IAPA urges debate of Brazilian fake-news bill
The Inter American Press Association (IAPA) recommends that a new bill in Brazil to combat fake news should be debated in depth and include the opinions of press associations specialised in the subject in order to ensure that the right to freedom of expression in the digital space is guaranteed.
IAPA supported the Brazilian Association of Investigative Journalism (ABRAJI) and 46 civil society organisations that spoke out against the bill (PL 2.630 / 2020 – Brazilian Law of Freedom, Responsibility and Transparency on the Internet) and promoted that broad debate take place. Faced with criticism, the Senate on Thursday postponed for the third time, the vote on the proposed law that will be addressed as the only item on the agenda on June 30.
IAPA President Christopher Barnes, while acknowledging the global challenge and inherent harm in purveyance of misinformation, said the organisation considers that, as indicated by the Declaration of Salta in its 10th principle, disinformation “must not be combated with censorship mechanisms or criminal sanctions, but rather with the adoption of policies on news and digital literacy”.
The ‘Fake News Bill’ as it is known, contemplates obligations for the mass identification of Internet users, linking the opening of accounts to a valid identification document and an active mobile number, and forcing private messaging applications to store data of traceability for messages exchanged. It makes it a crime to create or share content that could pose a serious risk to “social peace or economic order” and punishes offenders with between one and five years in prison.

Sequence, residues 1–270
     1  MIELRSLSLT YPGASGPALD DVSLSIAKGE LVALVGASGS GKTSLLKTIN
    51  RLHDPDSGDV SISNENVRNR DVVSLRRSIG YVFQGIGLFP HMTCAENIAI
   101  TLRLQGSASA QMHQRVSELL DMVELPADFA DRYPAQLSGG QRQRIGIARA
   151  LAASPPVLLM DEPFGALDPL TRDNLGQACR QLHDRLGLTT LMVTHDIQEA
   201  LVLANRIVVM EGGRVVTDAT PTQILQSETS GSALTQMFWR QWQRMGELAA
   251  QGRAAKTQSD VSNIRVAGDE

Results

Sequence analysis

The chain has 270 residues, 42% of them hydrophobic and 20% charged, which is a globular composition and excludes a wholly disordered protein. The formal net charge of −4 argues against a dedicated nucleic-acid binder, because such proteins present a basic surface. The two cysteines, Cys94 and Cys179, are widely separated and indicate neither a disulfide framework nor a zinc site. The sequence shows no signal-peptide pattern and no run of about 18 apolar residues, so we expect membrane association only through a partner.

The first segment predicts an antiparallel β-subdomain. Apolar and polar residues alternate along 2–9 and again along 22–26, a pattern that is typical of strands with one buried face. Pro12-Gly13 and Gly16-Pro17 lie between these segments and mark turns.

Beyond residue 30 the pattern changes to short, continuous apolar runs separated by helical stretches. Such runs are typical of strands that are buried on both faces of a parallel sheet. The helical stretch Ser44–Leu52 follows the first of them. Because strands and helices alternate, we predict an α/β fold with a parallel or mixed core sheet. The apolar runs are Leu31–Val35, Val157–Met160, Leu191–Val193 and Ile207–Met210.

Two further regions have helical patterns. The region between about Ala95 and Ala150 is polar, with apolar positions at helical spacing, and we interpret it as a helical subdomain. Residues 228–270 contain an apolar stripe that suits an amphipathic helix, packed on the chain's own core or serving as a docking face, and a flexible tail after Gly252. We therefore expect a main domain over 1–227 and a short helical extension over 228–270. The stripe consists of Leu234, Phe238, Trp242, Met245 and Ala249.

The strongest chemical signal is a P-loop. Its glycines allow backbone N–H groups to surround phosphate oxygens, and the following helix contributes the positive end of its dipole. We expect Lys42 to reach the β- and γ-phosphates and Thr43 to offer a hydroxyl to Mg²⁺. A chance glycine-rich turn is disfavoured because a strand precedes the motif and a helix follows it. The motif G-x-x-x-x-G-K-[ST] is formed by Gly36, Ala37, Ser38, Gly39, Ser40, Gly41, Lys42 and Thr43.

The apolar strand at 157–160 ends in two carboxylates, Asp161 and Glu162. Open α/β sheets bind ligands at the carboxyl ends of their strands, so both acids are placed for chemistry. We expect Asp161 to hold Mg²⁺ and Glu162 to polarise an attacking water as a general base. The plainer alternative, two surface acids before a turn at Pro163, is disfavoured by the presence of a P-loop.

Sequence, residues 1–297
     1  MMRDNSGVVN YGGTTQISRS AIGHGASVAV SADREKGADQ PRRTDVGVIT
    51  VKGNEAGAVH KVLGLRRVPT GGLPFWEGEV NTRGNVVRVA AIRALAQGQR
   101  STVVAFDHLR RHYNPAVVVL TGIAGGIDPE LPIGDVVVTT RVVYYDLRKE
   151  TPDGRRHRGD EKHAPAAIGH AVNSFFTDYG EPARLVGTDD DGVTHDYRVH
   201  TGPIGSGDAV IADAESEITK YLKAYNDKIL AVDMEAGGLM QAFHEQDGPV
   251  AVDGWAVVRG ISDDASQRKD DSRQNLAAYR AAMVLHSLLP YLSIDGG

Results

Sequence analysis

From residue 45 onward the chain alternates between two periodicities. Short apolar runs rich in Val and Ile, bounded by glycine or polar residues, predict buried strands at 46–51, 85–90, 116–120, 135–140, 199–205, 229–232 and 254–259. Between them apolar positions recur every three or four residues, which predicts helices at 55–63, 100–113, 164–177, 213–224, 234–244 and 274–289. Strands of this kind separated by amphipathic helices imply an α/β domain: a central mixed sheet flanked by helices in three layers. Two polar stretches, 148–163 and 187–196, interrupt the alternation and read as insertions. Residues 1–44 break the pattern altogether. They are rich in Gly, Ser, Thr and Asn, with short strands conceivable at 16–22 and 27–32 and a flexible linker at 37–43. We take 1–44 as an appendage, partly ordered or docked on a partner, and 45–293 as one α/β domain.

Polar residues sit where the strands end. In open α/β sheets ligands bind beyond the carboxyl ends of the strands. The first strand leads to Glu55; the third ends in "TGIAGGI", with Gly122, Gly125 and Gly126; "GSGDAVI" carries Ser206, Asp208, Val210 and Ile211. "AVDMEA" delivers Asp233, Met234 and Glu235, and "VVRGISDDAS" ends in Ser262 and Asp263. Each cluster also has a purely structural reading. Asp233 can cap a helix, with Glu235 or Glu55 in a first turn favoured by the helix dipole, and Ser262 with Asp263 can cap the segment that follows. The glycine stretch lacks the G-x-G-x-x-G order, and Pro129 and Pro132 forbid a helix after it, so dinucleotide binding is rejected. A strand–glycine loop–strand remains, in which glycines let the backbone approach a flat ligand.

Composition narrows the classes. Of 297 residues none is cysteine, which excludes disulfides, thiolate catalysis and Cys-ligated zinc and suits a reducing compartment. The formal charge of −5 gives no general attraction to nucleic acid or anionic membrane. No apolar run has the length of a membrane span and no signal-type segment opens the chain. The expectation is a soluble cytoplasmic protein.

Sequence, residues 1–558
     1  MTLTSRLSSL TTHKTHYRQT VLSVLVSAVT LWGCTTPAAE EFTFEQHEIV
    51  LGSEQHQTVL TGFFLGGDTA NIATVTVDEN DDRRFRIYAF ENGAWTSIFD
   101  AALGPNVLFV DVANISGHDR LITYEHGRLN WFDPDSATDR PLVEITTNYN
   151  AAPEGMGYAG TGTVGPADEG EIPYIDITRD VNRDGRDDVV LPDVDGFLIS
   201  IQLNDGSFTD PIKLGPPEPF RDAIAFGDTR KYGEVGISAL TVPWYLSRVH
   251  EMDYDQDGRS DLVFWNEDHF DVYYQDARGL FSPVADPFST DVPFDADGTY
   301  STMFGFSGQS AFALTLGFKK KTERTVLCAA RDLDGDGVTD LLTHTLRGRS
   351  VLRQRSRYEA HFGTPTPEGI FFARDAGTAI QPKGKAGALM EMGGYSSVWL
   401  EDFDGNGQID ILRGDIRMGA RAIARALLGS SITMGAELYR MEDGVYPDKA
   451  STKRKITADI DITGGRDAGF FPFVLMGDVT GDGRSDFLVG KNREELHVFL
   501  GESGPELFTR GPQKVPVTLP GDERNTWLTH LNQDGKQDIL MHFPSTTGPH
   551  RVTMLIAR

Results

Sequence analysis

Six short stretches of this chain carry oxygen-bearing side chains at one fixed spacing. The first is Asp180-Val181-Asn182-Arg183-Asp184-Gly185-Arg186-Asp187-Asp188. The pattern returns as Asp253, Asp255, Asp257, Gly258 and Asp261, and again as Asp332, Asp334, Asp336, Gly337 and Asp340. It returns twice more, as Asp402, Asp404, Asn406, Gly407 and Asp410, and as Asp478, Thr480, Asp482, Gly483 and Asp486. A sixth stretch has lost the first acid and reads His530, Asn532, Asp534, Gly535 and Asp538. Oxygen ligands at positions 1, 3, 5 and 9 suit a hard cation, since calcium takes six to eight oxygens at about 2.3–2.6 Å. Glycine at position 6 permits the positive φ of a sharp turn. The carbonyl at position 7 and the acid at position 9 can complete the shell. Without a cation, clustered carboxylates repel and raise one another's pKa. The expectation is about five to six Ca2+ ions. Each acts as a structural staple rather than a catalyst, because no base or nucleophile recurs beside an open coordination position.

Roberto Rock, president of the IAPA’s Committee on Freedom of the Press and Information, added, “The discussion on regulation of content on the Internet must always take place in an open, transparent, profound and inclusive manner”, and urged parliamentarians to deepen the discussion of the bill and to listen to all stakeholders.
Criticism of the project centres on the violation of privacy and the elimination of anonymity. The proposed law gives platforms the responsibility to identify possible fraud and requires telecommunications companies to send periodic reports on social networks. The bill also directs Internet companies to trace the chain of communications forwarded to all Brazilians for at least four months.
Barnes, managing director of The Gleaner Company (Media) Limited, and Rock, director of the La Silla Rota portal, Mexico City, expressed concern about “the negative effects on freedom of expression in the digital space that underlie the initiative”.
They also recalled that the Declaration of Salta urges technological intermediaries to “adopt self-regulatory measures to prevent the deliberate dissemination of disinformation”.
The IAPA is a not-for-profit organisation dedicated to the defence and promotion of freedom of the press and of expression in the Americas. It is made up of more than 1,300 publications from throughout the Western Hemisphere and is based in Miami, Florida.